What did you find to be most significant about the results of the recent study published in Science?
It suggests that how we employ our imaginations can affect how we behave in the real world. In the study, subjects who read 10 to 15 pages of literary fiction performed better than subjects who read popular fiction or non-fiction on lab tests designed to measure a person’s “Theory of Mind”—which refers to the ability to understand what other people are thinking or feeling. For example, in one of these tests—Reading the Mind in the Eyes—the subject looks quickly at images of eyes and chooses the emotion they express. The better the subject is at “reading” these eyes, the more socially attuned they are.
It’s important to remember, though, that the Science study doesn’t tell us whether the effects are long-term, whether they translate into real-life behavior, or whether they travel across cultures.
Fiction—the creation of imaginary alternate worlds—is one of the most remarkable forms of human ingenuity. I think everyone should take a literature class and experience that imaginative power—even though I can’t guarantee it will make you a better person.
In your book “Literary Identification from Charlotte Brontë to Tsitsi Dangarembga,” you talk about literary identification. How do you define literary identification?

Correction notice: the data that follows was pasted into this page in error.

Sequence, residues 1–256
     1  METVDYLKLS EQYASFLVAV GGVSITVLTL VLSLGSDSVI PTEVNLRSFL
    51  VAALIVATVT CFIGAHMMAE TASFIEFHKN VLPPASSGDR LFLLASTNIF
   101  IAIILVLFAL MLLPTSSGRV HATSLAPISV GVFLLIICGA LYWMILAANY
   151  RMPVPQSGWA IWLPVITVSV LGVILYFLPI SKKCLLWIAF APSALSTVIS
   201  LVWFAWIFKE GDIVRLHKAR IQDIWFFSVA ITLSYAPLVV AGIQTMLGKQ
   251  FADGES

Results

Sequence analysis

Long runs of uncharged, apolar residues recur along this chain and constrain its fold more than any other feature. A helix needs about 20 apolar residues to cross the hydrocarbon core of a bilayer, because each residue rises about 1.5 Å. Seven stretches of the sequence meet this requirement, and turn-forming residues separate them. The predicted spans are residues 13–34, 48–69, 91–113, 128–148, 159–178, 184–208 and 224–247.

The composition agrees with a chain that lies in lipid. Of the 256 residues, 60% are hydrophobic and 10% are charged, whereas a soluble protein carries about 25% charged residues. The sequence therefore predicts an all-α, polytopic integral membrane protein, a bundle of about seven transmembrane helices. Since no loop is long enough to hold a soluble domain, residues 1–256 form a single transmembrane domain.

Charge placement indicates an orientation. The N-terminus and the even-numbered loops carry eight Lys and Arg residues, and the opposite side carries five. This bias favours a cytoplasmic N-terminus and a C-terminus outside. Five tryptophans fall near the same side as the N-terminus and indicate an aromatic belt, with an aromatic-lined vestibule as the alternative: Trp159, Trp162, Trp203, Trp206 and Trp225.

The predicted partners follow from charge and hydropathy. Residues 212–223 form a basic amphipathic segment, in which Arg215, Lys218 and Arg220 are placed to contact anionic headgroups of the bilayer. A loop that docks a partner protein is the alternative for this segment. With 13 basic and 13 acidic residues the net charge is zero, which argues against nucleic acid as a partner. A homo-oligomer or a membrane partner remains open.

By literary identification, I mean the emotional bonds among readers, characters, and authors that can form from reading certain kinds of novels, particularly what is known as the Bildungsroman, or novel about a character's growth and development. In a Bildungsroman such as Charlotte Brontë's Jane Eyre or, to give a more recent example from my book, Zimbabwean author Tsitsi Dangarembga's Nervous Conditions, readers are drawn by those bonds to lend our own emotions to a character’s fictional situation—searching for love in a loveless environment (in Jane Eyre) or searching for justice in an unjust environment (in Nervous Conditions). Not all of the characters with whom we identify will be examples of empathy; Jane Eyre, for one, is pretty self-centered. But repeated experiences of literary identification—of putting oneself in another’s shoes, encountering new moral quandaries, societal demands, or individual desires almost as if they were one’s own—may well make readers more disposed to take more seriously other peoples’ point of view. And that is the root of empathy.
Is there a specific author, book, or time period in which the bond between the reader, character and/or author is more prevalent?
I teach Victorian literature—British literature from the 1830s to the end of the century, often considered the heyday of the English novel. Victorian novelists such as Charles Dickens, George Eliot, and Thomas Hardy have intimate designs on their readers. They want readers to extend their empathy not only to individual characters, such as Oliver Twist or Maggie Tulliver, but also to whole social groups: neglected and exploited children, abused laborers, oppressed women. They work on our emotions with scenes of death or desertion, and they’re not shy about grabbing our lapels and telling us what to think.
This is true during the same time period in the U.S. Think of Harriet Beecher Stowe’s abolitionist novel Uncle Tom’s Cabin. Sentimental death scenes and intrusive narrators lost their cachet in the 20th century, and contemporary readers expect to relate directly to characters. But I wonder if the Internet, with its authors’ websites, readers’ blogs, Twitter feeds, and other forms of social interaction, may create new or renewed bonds between the author and reader.